Judges today threw out Vedanta’s appeal to the May 2016 High Court judgment allowing Zambian farmers to have their case against the company heard in the UK.
The judgment adds further weight to precedents holding UK companies legally responsible for the actions of their subsidiaries.
Judges today released their verdict on Vedanta’s appeal in the case of the Chingola communities suing UK company Vedanta Resources, and their Zambian subsidiary Konkola Copper Mines (KCM), for pollution causing illness and loss of livelihood.
The three appeal judges Lord Justice Simon, Lord Justice Jackson and Lady Justice Asplin threw out Vedanta’s appeal in the case of Dominic Liswaniso Lungowe vs Vedanta Resources and Konkola Copper Mines, agreeing with the High Court verdict that Vedanta owes a duty of care to the claimants polluted by its Zambian subsidiary, and that the case against it has merit. They also agreed with the high court judge that England is the proper place to try both KCM and Vedanta, especially considering issues with lack of access to justice in Zambia. Vedanta is unlikely to appeal such a strong judgment to the Supreme Court, and the trial can now be heard in the UK.
The ruling helps pave the way for other London-listed multinationals to be held liable in the English courts for the actions of their subsidiaries abroad.
The judgment is being celebrated by the affected communities who have fought an eleven year legal battle against the company for continuous pollution of their water sources since it took over KCM in 2004. Communities first took KCM to court in Zambia in 2006 when the River Kafue which they depend on for drinking, bathing, cooking and irrigation was severely polluted by the company. They were awarded a landmark $2 million fine in 2011 in the Zambian High Court, but KCM appealed, and in 2015 the Supreme Court upheld the guilty verdict but removed all compensation. As a result the victims took their case to UK lawyers. In the 2016 High Court judgment Justice Coulson stated that KCM and parent company Vedanta had attempted to pervert the course of justice in Zambia, and claimed KCM could even declare insolvency in Zambia to avoid paying victims, noting the company’s financial secrecy and historic dishonesty.(1)
Recent news coverage has detailed the ongoing pollution, sickness and poverty suffered by the affected communities.(2) Headmen of the affected communities recently issued these demands which were announced to the Vedanta board at its August AGM by a dissident shareholder:
- Stop polluting the rivers immediately. Close down the plant until pollution control measures are replaced and upgraded.
- Provide clean water to the villages immediately, by tankers or pipes.
- De-silt the Mushishima stream and Kafue River and remove contaminated waste.
- Remediate the entire polluted area to make it safe to live, farm and fish there again.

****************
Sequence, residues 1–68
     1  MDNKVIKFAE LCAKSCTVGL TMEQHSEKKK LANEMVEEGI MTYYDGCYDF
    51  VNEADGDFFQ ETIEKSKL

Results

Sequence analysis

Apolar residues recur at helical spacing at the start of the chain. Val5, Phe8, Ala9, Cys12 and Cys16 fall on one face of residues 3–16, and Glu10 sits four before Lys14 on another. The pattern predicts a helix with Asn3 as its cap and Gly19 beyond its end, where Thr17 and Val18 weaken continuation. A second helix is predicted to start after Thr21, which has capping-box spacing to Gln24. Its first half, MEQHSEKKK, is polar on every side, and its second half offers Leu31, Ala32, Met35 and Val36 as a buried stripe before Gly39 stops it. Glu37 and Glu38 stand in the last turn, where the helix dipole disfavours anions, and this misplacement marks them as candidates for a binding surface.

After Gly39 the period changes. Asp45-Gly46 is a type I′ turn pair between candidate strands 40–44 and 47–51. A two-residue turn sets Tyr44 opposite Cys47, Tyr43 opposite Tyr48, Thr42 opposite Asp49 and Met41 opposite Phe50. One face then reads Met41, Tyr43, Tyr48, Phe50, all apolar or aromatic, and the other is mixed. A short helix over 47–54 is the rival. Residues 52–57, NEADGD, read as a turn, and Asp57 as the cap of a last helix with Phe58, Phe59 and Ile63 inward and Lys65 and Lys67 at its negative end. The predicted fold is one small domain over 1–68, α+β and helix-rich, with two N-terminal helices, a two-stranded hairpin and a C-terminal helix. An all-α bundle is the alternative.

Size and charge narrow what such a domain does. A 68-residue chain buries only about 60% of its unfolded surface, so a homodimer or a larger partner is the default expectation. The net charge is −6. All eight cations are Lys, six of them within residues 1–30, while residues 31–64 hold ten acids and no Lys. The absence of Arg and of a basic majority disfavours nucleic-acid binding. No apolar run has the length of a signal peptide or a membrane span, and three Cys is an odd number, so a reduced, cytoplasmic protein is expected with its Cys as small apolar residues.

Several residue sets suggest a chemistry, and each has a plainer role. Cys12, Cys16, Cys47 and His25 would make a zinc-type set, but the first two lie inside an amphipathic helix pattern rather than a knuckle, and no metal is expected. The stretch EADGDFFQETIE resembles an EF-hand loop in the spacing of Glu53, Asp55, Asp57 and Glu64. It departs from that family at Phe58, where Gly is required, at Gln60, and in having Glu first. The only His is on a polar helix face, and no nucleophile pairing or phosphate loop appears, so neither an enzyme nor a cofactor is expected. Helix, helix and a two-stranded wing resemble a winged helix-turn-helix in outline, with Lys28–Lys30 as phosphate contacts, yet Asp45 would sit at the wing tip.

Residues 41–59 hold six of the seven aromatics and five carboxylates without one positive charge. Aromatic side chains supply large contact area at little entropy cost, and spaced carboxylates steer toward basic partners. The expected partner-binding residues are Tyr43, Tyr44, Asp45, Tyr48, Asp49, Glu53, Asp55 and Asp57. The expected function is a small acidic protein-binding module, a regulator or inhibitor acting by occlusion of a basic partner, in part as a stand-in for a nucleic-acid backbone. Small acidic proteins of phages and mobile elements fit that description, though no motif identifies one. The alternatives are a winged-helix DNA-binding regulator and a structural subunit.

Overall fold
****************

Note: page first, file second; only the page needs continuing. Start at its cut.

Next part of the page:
Compensate the affected people for loss of health and livelihood. All medical costs should be paid by KCM/Vedanta in future.
Case studies in Zambia available.
Foil Vedanta is an independent grassroots solidarity organization focused primarily on the British-Indian mining giant Vedanta Resources PLC. Foil Vedanta targets the company in London where it is registered, as well as linking with people’s movements where Vedanta is destroying lives and devastating the land in India, Sri Lanka, Zambia, Liberia and South Africa. www.foilvedanta.org
- Justice Coulson’s 2016 judgment exposed the opaque nature of KCM, revealing that the company has not filed any annual accounts in accordance with the Zambian Companies Act. The court had explored the reasons KCM might want to hide its financial position and Justice Coulson refers to the case of Konkola Copper Mines Plc v U&M Mining Zambia Ltd heard in the London Court of Arbitration in 2014 in which Justice Eder found that KCM was close to bankruptcy and ‘may not be good for the money‘ (in that case $55 million owed to their contractor U&M). The case cited reports by Grant Thornton and the Auditor General of Zambia which sought to reconcile Vedanta boss Anil Agarwal’s private claims that KCM made $500 million per year, with KCM’s loss making claims in Zambia. The reports found evidence of multiple tax evasion and capital flight devices used by Vedanta-KCM along with asset stripping and failure to invest any CAPEX as claimed. Alongside other evidence including ‘ministerial statements about the threat of insolvency, bankruptcy or receivership facing KCM and the existence of at least one debt of $30million which went unpaid‘Justice Coulson concluded that:
‘I would be wrong to ignore the possibility that, if the litigation was conducted in Zambia, Vedanta/KCM could seek to strike it out, or if they lost at trial, Vedanta might put KCM into liquidation in order to avoid paying out to the claimants. The history of the U&M case demonstrates that these are possibilities which cannot be ignored.’
The judgment is attached to this press release.
Our detailed article following visits to the communities in 2015 includes scientific reports and testimonies from the victims: https://web.archive.org/web/20